On the other hand, since this binary system has a high eccentricity, we cannot rule out a priori that the detected variations in the X-ray flux are not due to orbital variability. If the mass transfer in LS 5039/RX J1826.2-1450 occurs via the strong stellar wind of the optical primary then, given the high eccentricity of the system, some variations in the X-ray luminosity with the orbital phase should be expected. The fraction of the stellar wind captured by the compact object depends on its velocity relative to the wind. Also, variations in the density of the wind may produce changes in the amount of absorption material throughout the orbit giving rise to the X-ray flux variations. Orbital flux variations have been seen in many high-mass X-ray binaries powered by stellar wind accretion: 4U 1700-37 (Haberl & Day 1992), GX 301-2 (Haberl 1991), Vela X-1 (Haberl & White 1990), 4U 1907+09 (Marshall & Ricketts 1980). With its small orbit and early-type optical primary LS 5039/RX J1826.2-1450 is expected to share many similarities with these systems.
However, a purely Bondi-Hoyle accretion model (Bondi 1952) does not reproduce the observations. Figure 4 shows the expected variability of the X-ray luminosity in LS 5039/RX J1826.2-1450 using a spherically symmetrical Bondi-Hoyle accretion model. For each orbital phase and using the formulae given in the Appendix, we computed the binary separation, the orbital and wind velocities, the relative velocity, the wind density, the accretion rate and finally the X-ray luminosity. We note that this is a bolometric unabsorbed X-ray luminosity, to be compared to the much lower observed luminosity in the range 1.6-10 keV (top panel of Fig. 1). Although this discrepancy could also be caused by the lack of precise knowledge of the parameter values used in the model, there are two strong arguments against this model. First, we should expect a variation in flux of at least a factor of 2 within the phase interval of the BeppoSAX observations as follows: starting with a gradual rise, peaking smoothly around phase 0.02 ( s in Fig. 1) and ending with a gradual decrease. Second, since the BeppoSAX observation took place during periastron the X-ray luminosity should be the largest, contrary to what it is observed (see Table 2).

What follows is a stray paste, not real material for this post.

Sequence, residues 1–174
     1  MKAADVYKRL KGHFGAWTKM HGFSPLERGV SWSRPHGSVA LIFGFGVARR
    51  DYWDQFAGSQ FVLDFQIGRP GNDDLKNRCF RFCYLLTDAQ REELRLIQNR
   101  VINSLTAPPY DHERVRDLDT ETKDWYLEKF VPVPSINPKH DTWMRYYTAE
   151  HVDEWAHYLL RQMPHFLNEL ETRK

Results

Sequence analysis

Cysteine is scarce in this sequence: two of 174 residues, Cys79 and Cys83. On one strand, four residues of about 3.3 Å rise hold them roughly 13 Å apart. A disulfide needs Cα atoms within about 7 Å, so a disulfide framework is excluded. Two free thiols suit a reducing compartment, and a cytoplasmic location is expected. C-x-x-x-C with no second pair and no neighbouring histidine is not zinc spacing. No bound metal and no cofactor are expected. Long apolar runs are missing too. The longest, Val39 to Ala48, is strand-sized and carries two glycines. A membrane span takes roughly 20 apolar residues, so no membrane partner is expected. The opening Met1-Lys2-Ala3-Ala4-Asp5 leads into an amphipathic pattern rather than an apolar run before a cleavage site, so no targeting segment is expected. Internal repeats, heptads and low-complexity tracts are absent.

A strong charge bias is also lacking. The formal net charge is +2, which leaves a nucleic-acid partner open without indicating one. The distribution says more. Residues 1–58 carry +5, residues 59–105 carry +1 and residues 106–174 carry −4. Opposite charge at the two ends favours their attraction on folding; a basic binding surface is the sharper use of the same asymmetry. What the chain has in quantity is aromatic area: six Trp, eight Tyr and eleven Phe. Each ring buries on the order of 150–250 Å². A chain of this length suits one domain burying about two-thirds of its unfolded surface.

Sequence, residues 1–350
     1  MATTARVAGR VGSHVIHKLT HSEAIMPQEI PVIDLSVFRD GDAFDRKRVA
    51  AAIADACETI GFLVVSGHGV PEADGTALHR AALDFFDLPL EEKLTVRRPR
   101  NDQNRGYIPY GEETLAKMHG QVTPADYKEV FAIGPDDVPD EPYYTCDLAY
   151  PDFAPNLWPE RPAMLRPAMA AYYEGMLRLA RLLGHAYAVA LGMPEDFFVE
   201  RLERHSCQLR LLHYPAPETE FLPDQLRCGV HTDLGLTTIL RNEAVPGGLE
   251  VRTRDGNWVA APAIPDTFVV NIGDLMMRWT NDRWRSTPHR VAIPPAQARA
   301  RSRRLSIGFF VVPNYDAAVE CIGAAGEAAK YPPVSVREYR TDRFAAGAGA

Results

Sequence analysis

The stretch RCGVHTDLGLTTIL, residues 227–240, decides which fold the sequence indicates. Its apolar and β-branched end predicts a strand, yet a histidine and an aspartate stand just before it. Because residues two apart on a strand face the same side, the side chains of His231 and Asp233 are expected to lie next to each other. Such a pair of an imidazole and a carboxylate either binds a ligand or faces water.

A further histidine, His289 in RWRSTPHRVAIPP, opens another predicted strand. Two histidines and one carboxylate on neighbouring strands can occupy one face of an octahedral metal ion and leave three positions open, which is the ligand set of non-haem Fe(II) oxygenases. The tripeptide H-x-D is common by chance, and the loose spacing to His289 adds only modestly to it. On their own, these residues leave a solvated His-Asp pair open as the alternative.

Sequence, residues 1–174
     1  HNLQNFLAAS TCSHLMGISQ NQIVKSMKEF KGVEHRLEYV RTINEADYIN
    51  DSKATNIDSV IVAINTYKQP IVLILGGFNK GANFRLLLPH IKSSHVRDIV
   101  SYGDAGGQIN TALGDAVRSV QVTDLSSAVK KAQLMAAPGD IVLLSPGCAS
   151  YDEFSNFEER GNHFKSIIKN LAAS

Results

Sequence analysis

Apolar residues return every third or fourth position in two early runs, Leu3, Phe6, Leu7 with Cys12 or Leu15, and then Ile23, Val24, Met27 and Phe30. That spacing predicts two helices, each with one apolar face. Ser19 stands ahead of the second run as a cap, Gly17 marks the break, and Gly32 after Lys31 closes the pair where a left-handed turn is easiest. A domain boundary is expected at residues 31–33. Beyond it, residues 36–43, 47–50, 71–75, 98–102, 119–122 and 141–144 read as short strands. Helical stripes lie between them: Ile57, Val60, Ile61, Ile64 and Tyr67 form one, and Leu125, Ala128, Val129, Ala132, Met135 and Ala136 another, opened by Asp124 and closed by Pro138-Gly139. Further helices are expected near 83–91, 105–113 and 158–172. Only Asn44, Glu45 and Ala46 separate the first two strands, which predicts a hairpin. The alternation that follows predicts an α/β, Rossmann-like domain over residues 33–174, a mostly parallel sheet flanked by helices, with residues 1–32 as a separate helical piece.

Although it is clear that detailed observations covering a full orbital period
are needed in order to better study and model the orbital X-ray variability of LS 5039, it seems unlikely that it can be responsible for the
variations of one order of magnitude quoted in Table 2. Therefore, we
conclude that this variability may be due to changes in the stellar wind
mass-loss rate on longer timescales.
|Figure 4: Expected variability of the X-ray luminosity in LS 5039 due to the significantly eccentric orbit of the compact companion around the O6.5V((f)) star with a period d, using a spherically symmetrical Bondi-Hoyle accretion model and the parameters quoted in the text. The thick line corresponds to e=0.41, the nominal eccentricity value in the McSwain et al. (2001) solution, while the lower and upper thin lines are for e=0.36 and e=0.46, which correspond to the error limits quoted by the authors. Phase 0 corresponds to periastron, while the shaded areas correspond to the phase interval covered by our BeppoSAX observation.|
The main conclusions of the analysis of our BeppoSAX observation of the microquasar LS 5039/RX J1826.2-1450 can be summarized as follows:
An order of magnitude estimate of the orbital X-ray variability can be
obtained using the Bondi-Hoyle accretion model. The accretion luminosity is
then computed by means of the simple formula:
We are grateful to J. Miller for permission to include in this paper unpublished results from his CHANDRA observation. We are also grateful for useful comments and suggestions from the anonymous referee. P.R. is a researcher of the programme Ramón y Cajal funded by the University of Valencia and Spanish Ministery of Science and Technology. M.R., J.M.P. and J.M. acknowledge partial support by DGI of the Ministerio de Ciencia y Tecnología (Spain) under grant AYA2001-3092, as well as partial support by the European Regional Development Fund (ERDF/FEDER). During this work, M.R. has been supported by a fellowship from CIRIT (Generalitat de Catalunya, ref. 1999 FI 00199). J.M. has been aided in this work by an Henri Chrétien International Research Grant administered by the American Astronomical Society, and has been partially supported by the Plan Andaluz de Investigación of the Junta de Andalucía (ref. FQM322). Skinakas Observatory is a collaborative project of the University of Crete, the Foundation for Research and Technology-Hellas and the Max-Planck-Institut für Extraterrestrische Physik.